Our comprehensive Data Science Research program is organized into 4 complementary Algorithm Research Cores: (1) Imaging Genomics, (2) Connectomics, (3) Machine Learning &Clinical Prediction, and (4) ENIGMA Disease Working Groups. World leaders in each field lead each Core, tackling computational questions on a scale not previously imagined or attempted. BigData tools will fuel ENIGMA'S worldwide scientific discoveries. We combine innovations in mathematics, machine learning, genomics, consortium science, and expertise from >20 countries and >125 institutions. ENIGMA is not a project, it is a scientific movement of rapidly and constantly Interacting collaborations that support each other. ENIGMA cohorts boost each other's power with gigantic datasets, tools and expertise to maximally exploit each other's data, performing some of the world's largest disease studies, beyond what any one site could perform alone. ENIGMA is distributed computation at its best, drawing on gigantic datasets and expertise. We create massive economic savings - drawing on worldwide computational and infrastructural resources vastly beyond what any one site in any one country would apply to a targeted biomedical goal. We bring BigData Science and the ENIGMA Consortium together to advance Worldwide Medicine. In Cores 1 and 2 we mine images and connectomes for genetic markers that re-wire the brain or boost brain tissue loss, using new mathematics to prioritize and organize trillions of computations, jointly searching images and genomes. In Core 3, we unleash multi-task sparse learning to predict diagnosis and prognosis from vast high-dimensional biomarker data in the largest neuroimaging genetics datasets ever. In Core 4 we use these tools in a massive distributed computation: a vast, mutually interacting set of 9 Worldwide Working Groups, led by experts in 9 major diseases of the brain - schizophrenia, bipolar, major depression, ADHD, autism, OCD, 22q deletion syndrome, HIV/AIDS, and addictions. We will discover what genes, medications, and lifestyle factors promote or resist brain disease worldwide. Our ENIGMA Center is a worldwide movement in mutually supportive discovery in medicine - spurred on by tools to perform gigantic computations never before Imagined.

Public Health Relevance

ENIGMA'S Data Science Research brings together 125 institutions to investigate and compare 9 major brain diseases. ENIGMA'S worldwide reach brings together biomedical data and experts from over 20 countries to analyze Big Data in a consistent way. Our harmonized work brings unequalled power to discover genes, medications, and lifestyle factors affecting brain disease worldwide. New algorithms probe genomes, connectomes, and biomarker data using deep searches, multi-task learning, and combinatorics.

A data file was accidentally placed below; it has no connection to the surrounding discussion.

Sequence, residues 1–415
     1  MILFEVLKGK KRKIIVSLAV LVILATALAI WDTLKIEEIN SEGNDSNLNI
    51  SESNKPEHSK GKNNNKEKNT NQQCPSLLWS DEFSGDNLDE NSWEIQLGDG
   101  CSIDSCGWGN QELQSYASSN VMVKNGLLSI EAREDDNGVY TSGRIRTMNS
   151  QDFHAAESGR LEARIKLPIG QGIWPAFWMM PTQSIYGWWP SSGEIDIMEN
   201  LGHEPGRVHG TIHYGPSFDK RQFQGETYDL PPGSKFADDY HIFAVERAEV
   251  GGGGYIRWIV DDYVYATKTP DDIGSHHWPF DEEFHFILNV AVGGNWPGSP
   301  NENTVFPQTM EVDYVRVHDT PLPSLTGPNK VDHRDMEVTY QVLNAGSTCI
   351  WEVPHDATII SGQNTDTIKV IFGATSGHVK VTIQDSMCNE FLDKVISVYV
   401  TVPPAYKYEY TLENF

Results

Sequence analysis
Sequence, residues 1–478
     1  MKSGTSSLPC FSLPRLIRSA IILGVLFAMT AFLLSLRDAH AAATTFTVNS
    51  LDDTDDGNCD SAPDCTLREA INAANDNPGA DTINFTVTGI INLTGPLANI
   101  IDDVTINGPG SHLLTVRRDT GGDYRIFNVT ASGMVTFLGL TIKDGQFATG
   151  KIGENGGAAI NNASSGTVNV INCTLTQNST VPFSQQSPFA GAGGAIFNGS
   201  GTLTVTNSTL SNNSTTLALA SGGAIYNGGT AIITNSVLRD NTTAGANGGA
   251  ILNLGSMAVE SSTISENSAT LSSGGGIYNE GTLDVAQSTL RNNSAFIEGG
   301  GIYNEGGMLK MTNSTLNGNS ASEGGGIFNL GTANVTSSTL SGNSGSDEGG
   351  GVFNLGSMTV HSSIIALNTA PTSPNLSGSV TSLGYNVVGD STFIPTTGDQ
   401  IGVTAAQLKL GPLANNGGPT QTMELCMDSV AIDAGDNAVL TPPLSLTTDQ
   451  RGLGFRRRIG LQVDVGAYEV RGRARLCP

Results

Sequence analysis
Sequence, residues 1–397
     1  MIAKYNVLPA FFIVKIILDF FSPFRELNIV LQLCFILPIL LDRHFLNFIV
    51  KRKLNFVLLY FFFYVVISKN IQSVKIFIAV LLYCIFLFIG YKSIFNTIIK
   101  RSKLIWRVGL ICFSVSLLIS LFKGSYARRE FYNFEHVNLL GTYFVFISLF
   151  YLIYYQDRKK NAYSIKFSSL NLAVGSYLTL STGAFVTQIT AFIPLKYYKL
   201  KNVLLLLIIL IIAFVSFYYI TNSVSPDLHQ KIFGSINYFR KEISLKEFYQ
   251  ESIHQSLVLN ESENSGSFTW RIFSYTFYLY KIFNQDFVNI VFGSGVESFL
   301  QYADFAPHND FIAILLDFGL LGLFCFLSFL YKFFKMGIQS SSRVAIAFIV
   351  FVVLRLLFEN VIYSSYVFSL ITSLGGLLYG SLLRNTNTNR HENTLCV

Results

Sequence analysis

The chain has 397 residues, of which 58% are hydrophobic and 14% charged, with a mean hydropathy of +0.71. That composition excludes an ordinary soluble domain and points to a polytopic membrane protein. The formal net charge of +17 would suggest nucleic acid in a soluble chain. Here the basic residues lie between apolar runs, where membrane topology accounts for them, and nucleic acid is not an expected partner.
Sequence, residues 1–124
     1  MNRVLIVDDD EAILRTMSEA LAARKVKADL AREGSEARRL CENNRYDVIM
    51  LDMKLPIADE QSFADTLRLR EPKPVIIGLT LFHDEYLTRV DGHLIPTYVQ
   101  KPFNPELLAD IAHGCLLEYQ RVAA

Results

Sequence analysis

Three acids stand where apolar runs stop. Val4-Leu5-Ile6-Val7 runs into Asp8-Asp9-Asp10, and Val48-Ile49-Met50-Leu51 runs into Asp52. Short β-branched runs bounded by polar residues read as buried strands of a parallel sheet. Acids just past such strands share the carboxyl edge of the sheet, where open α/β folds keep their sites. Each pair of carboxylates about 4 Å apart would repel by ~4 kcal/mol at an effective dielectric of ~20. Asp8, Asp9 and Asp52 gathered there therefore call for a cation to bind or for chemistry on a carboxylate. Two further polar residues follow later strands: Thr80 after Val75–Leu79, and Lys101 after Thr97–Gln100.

Agency
National Institute of Health (NIH)
Institute
National Institute of Biomedical Imaging and Bioengineering (NIBIB)
Type
Specialized Center--Cooperative Agreements (U54)
Project #
1U54EB020403-01
Application #
8905093
Study Section
Special Emphasis Panel (ZRG1-BST-N (52))
Project Start
Project End
Budget Start
2014-09-29
Budget End
2015-05-31
Support Year
1
Fiscal Year
2014
Total Cost
$1,414,307
Indirect Cost
$414,915
Name
University of Southern California
Department
Type
DUNS #
072933393
City
Los Angeles
State
CA
Country
United States
Zip Code
90089
Jia, Tianye; Macare, Christine; Desrivières, Sylvane et al. (2016) Neural basis of reward anticipation and its genetic determinants. Proc Natl Acad Sci U S A 113:3879-84
Zhang, Jie; Stonnington, Cynthia; Li, Qingyang et al. (2016) APPLYING SPARSE CODING TO SURFACE MULTIVARIATE TENSOR-BASED MORPHOMETRY TO PREDICT FUTURE COGNITIVE DECLINE. Proc IEEE Int Symp Biomed Imaging 2016:646-650
Boedhoe, Premika S W; Schmaal, Lianne; Abe, Yoshinari et al. (2016) Distinct Subcortical Volume Alterations in Pediatric and Adult OCD: A Worldwide Meta- and Mega-Analysis. Am J Psychiatry :appiajp201616020201
Cameron Craddock, R; S Margulies, Daniel; Bellec, Pierre et al. (2016) Brainhack: a collaborative workshop for the open neuroscience community. Gigascience 5:16
Everaerd, Daphne; Klumpers, Floris; Zwiers, Marcel et al. (2016) Childhood abuse and deprivation are associated with distinct sex-dependent differences in brain morphology. Neuropsychopharmacology 41:1716-23
Kochunov, Peter; Thompson, Paul M; Winkler, Anderson et al. (2016) The common genetic influence over processing speed and white matter microstructure: Evidence from the Old Order Amish and Human Connectome Projects. Neuroimage 125:189-97
Colom, Roberto; Hua, Xue; Martínez, Kenia et al. (2016) Brain structural changes following adaptive cognitive training assessed by Tensor-Based Morphometry (TBM). Neuropsychologia 91:77-85
Hasan, Khader M; Mwangi, Benson; Cao, Bo et al. (2016) Entorhinal Cortex Thickness across the Human Lifespan. J Neuroimaging 26:278-82
Hibar, D P; Westlye, L T; van Erp, T G M et al. (2016) Subcortical volumetric abnormalities in bipolar disorder. Mol Psychiatry 21:1710-1716
Shen, Kai-Kai; Doré, Vincent; Rose, Stephen et al. (2016) Heritability and genetic correlation between the cerebral cortex and associated white matter connections. Hum Brain Mapp 37:2331-47

Showing the most recent 10 out of 163 publications